Information for Adults Adopted in British Columbia

Frequently Asked Questions for Adults Adopted in British Columbia How can I find out about reunion services?

The ministry provides reunion services to adopted adults and their relatives through the Adoption Reunion Registry.

Is there information, counseling or supports available for pre-adoption parents and adopted persons who are considering reunions?

There are different options for information, counseling or support on reunion issues. The Adoption Reunion Registry staff of the Ministry of Children and Family Development can assist and connect you with community-based agencies and support groups.

For information, contact your local ministry office, or the Adoption Reunion Registry at 250 387-3660. In British Columbia, the main sources of information about pre-adoption and adoption records are:

Decisions about releasing personal information are made case-by-case. Sometimes more information may be available, such as when a reunion has already occurred.

What if I don't want my identifying information released?

The Adoption Act recognizes government's commitment to honour past promises of confidentiality and a person's right to protect their privacy. There are two options for adopted persons and pre-adoption parents that want to keep their confidentiality:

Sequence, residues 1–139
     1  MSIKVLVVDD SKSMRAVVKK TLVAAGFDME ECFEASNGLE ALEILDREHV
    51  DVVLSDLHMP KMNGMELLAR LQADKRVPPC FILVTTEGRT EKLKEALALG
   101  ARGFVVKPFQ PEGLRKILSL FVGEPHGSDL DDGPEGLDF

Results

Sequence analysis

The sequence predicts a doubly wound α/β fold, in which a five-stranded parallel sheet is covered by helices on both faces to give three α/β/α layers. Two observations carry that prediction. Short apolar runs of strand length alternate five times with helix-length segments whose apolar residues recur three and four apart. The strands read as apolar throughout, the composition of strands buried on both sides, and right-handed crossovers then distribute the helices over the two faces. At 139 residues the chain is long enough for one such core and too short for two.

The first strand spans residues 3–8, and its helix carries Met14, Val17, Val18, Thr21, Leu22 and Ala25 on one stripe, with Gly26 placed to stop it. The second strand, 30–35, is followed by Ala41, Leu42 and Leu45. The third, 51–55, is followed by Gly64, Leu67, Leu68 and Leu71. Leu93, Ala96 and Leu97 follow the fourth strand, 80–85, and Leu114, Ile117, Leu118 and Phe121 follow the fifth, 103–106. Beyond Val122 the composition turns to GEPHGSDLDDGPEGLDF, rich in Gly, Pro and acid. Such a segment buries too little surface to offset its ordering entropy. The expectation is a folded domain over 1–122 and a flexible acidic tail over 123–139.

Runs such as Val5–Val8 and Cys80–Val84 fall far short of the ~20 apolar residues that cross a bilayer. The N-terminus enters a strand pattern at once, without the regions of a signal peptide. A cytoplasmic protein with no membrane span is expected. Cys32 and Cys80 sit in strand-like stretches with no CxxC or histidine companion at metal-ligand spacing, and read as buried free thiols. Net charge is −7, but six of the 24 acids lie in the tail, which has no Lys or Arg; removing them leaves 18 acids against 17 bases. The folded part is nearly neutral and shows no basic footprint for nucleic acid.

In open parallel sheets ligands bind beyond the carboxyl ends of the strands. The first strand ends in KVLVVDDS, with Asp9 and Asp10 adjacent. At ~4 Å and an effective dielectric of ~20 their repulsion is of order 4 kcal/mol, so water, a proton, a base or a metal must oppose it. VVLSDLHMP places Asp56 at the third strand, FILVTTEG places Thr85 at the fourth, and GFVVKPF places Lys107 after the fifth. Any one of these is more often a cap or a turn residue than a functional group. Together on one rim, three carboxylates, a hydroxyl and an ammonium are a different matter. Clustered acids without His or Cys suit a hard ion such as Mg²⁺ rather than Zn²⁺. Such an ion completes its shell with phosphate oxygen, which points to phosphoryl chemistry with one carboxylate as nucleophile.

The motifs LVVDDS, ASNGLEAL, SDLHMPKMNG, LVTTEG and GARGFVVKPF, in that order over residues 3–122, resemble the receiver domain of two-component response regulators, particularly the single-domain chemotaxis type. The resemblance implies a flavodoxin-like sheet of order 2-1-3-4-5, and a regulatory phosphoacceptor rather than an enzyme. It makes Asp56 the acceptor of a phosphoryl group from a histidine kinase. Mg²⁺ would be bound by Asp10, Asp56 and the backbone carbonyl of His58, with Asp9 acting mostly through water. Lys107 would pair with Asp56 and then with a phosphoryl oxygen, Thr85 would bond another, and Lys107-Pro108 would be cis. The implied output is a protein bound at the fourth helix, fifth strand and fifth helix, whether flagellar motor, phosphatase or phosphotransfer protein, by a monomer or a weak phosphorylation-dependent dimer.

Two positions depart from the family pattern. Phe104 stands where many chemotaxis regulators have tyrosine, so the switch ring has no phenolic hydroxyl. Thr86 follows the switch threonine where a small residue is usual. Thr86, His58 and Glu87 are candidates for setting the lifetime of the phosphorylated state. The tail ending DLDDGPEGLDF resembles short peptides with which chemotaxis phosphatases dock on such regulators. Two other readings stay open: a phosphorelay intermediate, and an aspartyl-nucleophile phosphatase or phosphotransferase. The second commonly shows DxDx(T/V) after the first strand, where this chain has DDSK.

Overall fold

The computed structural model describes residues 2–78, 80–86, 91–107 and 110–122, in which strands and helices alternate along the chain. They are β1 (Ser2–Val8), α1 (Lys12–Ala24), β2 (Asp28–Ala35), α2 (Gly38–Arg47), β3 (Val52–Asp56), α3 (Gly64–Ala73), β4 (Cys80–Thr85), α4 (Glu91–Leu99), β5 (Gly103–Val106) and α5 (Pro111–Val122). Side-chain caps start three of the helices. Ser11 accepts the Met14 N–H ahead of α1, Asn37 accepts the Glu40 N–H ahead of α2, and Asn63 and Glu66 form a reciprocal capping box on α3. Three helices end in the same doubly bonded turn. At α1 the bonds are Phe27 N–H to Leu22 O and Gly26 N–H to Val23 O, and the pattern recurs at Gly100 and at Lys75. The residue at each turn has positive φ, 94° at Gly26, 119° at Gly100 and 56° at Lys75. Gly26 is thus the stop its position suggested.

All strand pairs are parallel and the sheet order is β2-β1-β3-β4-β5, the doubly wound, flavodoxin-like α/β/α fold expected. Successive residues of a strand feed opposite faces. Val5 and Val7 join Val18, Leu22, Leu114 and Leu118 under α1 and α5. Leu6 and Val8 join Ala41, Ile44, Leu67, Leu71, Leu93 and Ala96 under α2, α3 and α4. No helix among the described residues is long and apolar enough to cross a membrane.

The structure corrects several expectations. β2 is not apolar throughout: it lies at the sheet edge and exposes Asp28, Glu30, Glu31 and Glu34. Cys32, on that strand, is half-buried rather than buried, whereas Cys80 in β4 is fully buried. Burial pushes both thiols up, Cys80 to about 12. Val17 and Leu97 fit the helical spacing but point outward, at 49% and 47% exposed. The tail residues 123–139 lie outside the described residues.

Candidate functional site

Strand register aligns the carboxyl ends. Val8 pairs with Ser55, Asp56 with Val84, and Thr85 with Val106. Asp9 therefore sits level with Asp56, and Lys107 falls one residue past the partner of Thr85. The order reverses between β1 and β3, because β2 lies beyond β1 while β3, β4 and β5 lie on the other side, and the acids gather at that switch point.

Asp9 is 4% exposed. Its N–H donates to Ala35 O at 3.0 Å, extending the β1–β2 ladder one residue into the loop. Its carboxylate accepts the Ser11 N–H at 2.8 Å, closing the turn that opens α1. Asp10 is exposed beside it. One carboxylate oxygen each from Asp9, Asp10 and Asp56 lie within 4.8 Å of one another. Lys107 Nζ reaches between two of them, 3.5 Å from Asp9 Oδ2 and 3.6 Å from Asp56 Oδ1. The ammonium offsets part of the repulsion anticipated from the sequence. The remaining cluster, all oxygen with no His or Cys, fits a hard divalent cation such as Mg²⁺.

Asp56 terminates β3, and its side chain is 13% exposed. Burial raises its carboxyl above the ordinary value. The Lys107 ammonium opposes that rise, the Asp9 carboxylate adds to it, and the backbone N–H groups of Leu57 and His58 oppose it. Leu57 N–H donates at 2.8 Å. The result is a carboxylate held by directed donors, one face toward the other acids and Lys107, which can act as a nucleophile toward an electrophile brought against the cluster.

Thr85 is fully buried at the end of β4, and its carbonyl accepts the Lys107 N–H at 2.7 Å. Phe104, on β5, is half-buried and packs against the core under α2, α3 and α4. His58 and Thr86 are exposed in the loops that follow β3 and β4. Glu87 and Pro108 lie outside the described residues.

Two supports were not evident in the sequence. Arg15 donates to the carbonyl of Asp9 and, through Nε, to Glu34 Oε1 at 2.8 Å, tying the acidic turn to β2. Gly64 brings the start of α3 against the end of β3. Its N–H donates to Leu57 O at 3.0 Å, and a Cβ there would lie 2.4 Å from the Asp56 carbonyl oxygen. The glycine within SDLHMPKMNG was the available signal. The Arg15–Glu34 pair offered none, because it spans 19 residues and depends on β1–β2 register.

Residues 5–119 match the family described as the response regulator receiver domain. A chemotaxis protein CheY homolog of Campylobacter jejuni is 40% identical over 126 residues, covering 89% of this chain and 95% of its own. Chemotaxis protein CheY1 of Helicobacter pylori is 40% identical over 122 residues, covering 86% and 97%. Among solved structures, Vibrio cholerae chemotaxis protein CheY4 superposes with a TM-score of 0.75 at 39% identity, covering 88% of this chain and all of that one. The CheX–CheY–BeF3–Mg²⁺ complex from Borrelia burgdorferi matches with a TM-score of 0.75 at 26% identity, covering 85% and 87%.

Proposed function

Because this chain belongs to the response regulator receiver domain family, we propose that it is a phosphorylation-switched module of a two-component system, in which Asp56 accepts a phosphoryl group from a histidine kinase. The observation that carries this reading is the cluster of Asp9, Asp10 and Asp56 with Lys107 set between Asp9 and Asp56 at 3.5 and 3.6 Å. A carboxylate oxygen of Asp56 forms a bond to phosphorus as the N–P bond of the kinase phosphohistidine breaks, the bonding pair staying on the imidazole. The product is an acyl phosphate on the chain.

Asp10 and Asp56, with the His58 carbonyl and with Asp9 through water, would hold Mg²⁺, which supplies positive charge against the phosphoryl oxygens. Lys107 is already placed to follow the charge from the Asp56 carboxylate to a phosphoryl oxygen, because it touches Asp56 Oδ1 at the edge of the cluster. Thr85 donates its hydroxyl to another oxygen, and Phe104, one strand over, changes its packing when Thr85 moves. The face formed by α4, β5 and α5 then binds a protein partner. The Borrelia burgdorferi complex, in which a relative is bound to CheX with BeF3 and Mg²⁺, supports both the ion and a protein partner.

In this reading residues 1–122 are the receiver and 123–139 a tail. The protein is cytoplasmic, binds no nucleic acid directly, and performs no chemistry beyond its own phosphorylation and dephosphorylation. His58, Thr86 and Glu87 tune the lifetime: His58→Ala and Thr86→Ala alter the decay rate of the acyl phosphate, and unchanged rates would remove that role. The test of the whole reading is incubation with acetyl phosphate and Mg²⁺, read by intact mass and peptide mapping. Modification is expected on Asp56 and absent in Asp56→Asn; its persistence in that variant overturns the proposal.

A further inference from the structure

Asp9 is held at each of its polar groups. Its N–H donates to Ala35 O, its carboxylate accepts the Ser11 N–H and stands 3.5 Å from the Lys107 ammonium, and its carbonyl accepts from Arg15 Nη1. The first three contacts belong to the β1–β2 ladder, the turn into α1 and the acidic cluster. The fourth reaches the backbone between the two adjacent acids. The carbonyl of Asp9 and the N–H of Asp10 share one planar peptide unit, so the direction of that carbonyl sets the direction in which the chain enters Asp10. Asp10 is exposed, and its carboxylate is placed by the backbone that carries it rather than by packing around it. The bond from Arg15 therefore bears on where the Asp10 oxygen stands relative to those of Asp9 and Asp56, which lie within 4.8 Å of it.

• The person can file a disclosure veto with Vital Statistics Agency (VSA), if the adoption occurred before November 1996. This prohibits the VSA from releasing any birth registration or adoption order information identifying the person who filed the disclosure veto.
  • If the person was adopted after 1996, they can file a no-contact declaration with the VSA to allow birth registration and adoption order information to be released, but personal contact with the person who filed the declaration will be legally prohibited. The maximum penalty for violating a no-contact declaration is a $10,000 fine and/or six months in jail.

How do I access information from BC adoption records?

Adults adopted in British Columbia, and their pre-adoption parents may have access to information identifying each other through the Vital Statistics Agency (VSA) at the Ministry of Health. This information is available only after the adopted person's 19th birthday. Adults adopted in British Columbia may apply for a copy of their original birth registration in their birth name (including names of any parents on record) and a copy of their adoption order. Pre-adoption parents can apply to the Vital Statistics Agency (VSA) for a copy of the adopted person's birth registration with any amendments including:

  • the person's name following adoption
  • a copy of the adoption order

The names of the adoptive parents are always removed to respect their privacy rights, and no identifying information is released if the other person has filed a disclosure veto.

Is there counseling or support available for pre-adoption parents and adopted children who are considering reunion?